SouthWestSensor Ltd has developed a nanodroplet microfluidics based platform technology that brings lab analysis to the water. Perfectly suited for continuous monitoring of nutrients and pollutants in fresh and sea water, covering applications ranging from environmental monitoring to waste water process control.
Water sensing approaches over the years have mainly focused on optical or electrode based electrochemical approaches. While perfectly suited for some applications, considerable limitations still exist in terms of specificity and long-term performance. Wet chemistry based approaches as routinely used in testing labs can provide a solution, but often require frequent reagent change and extensive servicing.
SouthWestSensor has developed a revolutionary approach that requires only minute volumes of liquid reagents to autonomously and quasi-continuously measure critical water parameters. The proprietary nanodroplet approach is the brain child of Dr. Xize Niu, SouthWestSensor’s Founder and also Associate Professor at the University of Southampton. ‘Nanodroplet microfluidics has been used in the lab for some time but typically requires significant instrumentation. We have pioneered a proprietary compact nanodroplet microfluidics format which is perfectly suited for in-the-field deployment. It’s exciting to start to see this translating into the commercial domain’.
The developed nanodroplet based water sensor probe has already been tested for simultaneous monitoring of key water pollutants nitrite & nitrate. In a multi-week tidal river deployment, autonomously generated sensor data was found to be in excellent agreement with lab based measurement of grab samples (Environ. Sci. Technol. 2019, 53, 16, 9677-9685). The data quality is not surprising given that lab proven validated test chemistries are used, coupled with regular calibration with an on-device standard. Another advantage is that the nanodroplet platform approach lends itself to a rapid roll-out of additional tests. Following the initial nitrite & nitrate sensor launch, phosphate and ammonia sensors are already in the pipeline for launch in the first half of 2020.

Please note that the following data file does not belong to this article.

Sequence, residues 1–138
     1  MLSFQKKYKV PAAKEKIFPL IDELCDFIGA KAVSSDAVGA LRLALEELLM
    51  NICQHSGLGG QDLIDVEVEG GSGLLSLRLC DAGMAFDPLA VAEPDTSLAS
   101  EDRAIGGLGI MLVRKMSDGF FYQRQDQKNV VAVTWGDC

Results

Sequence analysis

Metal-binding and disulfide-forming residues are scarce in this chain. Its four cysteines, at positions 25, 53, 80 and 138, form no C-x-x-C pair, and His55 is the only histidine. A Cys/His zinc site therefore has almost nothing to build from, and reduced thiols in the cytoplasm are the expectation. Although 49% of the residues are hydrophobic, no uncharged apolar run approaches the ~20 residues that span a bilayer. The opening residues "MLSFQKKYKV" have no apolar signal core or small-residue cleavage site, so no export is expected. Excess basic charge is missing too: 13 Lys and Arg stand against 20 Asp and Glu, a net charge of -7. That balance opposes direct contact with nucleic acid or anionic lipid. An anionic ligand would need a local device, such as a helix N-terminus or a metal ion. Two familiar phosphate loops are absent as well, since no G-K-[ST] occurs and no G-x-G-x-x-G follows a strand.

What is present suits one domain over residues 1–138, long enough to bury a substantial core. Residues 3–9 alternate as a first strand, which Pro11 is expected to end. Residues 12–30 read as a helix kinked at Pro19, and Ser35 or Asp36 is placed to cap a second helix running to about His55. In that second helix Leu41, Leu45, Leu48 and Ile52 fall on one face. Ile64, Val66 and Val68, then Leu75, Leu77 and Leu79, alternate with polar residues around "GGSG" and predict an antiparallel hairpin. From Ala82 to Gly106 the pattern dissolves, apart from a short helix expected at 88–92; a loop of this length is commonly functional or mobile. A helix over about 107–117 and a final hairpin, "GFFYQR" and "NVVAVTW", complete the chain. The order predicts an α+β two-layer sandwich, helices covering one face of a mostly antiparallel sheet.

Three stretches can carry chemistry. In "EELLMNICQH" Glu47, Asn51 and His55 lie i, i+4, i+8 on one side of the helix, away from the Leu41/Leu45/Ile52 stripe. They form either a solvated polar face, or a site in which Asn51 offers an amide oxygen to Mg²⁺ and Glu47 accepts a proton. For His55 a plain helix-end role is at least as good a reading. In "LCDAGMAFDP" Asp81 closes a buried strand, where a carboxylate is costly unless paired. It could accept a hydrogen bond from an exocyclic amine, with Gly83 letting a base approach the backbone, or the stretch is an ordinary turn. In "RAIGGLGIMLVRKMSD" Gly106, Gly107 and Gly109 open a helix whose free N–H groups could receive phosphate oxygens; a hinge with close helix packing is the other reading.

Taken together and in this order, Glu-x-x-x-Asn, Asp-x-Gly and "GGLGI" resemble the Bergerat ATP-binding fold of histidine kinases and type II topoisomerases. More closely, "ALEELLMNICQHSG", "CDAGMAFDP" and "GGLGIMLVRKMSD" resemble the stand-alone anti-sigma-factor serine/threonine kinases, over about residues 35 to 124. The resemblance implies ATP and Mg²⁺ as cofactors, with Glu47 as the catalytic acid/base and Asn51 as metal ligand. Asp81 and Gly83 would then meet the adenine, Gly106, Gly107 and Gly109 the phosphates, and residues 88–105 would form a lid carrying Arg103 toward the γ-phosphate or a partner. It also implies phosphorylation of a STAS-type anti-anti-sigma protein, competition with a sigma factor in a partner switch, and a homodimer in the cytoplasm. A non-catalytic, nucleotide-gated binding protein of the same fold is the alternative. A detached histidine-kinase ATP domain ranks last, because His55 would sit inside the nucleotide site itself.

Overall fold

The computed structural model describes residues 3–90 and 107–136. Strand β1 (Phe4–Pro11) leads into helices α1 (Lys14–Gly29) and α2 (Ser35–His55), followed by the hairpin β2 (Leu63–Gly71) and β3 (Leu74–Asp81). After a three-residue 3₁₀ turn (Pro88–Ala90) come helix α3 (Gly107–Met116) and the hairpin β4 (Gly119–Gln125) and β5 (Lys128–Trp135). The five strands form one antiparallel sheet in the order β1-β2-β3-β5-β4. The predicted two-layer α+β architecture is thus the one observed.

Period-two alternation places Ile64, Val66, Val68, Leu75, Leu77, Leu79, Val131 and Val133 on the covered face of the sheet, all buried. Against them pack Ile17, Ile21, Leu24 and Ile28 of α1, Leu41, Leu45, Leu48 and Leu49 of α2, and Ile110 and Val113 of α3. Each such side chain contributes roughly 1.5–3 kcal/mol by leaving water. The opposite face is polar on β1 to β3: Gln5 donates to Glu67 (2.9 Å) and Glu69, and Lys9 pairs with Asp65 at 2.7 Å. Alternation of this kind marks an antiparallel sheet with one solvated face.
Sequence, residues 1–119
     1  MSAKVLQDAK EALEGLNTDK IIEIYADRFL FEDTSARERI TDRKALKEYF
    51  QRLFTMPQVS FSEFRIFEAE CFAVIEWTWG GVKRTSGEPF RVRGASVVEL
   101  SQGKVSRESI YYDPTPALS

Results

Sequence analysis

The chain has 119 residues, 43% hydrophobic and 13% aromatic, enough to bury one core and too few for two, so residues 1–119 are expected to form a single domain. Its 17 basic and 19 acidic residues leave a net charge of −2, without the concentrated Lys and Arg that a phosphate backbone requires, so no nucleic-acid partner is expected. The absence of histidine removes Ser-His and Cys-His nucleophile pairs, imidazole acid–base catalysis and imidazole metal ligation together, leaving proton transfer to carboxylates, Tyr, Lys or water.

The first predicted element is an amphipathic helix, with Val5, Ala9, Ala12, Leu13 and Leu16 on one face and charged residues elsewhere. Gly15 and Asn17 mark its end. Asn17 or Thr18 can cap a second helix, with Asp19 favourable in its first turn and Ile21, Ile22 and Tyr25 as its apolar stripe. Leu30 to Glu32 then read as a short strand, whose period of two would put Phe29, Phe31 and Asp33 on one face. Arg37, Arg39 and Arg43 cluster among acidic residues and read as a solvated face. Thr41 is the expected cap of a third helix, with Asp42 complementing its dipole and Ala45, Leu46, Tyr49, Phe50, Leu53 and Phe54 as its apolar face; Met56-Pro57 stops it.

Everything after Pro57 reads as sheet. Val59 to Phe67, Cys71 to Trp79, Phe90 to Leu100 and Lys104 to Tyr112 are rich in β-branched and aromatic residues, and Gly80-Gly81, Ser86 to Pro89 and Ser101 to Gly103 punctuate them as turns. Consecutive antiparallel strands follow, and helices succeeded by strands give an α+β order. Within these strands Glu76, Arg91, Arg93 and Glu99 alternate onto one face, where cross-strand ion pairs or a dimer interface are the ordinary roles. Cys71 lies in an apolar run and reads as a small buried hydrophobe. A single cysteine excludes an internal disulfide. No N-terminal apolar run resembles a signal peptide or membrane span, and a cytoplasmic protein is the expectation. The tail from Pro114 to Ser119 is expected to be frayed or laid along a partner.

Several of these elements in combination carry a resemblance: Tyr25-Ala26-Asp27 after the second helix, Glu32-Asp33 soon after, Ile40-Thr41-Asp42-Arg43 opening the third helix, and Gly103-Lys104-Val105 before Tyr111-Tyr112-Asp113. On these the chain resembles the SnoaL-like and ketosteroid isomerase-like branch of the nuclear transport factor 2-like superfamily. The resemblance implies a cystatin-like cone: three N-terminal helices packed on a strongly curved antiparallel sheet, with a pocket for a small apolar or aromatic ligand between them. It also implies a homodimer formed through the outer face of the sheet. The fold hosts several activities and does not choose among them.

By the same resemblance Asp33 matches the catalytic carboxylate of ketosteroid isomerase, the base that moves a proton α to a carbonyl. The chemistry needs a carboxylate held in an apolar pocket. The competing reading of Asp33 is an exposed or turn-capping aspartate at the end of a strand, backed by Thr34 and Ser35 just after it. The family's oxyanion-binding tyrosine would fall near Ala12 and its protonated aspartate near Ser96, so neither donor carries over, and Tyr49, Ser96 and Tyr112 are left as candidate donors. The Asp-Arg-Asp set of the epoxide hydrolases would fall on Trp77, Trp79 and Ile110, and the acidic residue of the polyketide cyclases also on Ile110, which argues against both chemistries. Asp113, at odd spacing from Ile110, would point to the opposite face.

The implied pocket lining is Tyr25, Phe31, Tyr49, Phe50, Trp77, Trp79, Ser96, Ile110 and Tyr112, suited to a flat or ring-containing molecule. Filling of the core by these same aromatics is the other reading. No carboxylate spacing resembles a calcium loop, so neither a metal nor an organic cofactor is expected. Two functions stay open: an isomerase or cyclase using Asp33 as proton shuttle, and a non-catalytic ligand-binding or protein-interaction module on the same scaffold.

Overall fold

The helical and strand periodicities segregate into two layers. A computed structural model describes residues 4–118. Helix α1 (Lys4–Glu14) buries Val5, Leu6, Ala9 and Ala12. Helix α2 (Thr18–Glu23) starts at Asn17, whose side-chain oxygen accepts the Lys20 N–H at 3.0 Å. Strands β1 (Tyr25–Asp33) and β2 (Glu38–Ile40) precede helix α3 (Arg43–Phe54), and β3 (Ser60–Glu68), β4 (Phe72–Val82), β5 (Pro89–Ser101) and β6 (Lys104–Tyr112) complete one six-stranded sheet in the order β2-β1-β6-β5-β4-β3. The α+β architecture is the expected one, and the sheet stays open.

The water industry has taken note of this new approach, one with real disruptive potential. At the recent Aquatech Amsterdam 2019 exhibition, SouthWestSensor’s DropletSens-NO3 device was a finalist for the Innovation Award. Dr. Oliver Hofmann, SouthWestSensor CEO is leading the company’s early commercialisation efforts. ‘Microfluidic approaches all too often look promising on paper but fail to translate into commercial applications. SouthWestSensor has put in the required effort in terms of design and engineering to translate nanodroplet microfluidics into an effective and commercially viable solution for quasi-continuous sensing of critical water parameters. The key value proposition is a low-cost sensor device that autonomously produces high-frequency lab-quality data. In our case this is achieved with reagent volumes that are orders of magnitude lower compared to our closest competitors. This critically translates into reduced maintenance requirements and underpins autonomous deployment for many weeks or even months.’
As lead users and early adopters, SouthWestSensor will be working with Environmental Agencies to use the device for nutrient and pollutant monitoring in lakes, rivers and the sea. Industrial target segments include fish farms, water utility and nutrient recovery companies, to name but a few. According to Dr. Hofmann ‘Providing high performance, low maintenance measurement tools is key for monitoring water quality and associated processes. With our high-frequency lab-quality data we hope to play a significant part in the drive towards digitisation of water quality. To this end we are currently looking for investors as well as commercial and strategic partners to maximise our reach and impact across the water industry’.
It is hoped that this advanced sensing capability can help the water industry to optimise processes to better protect this ever more precious resource.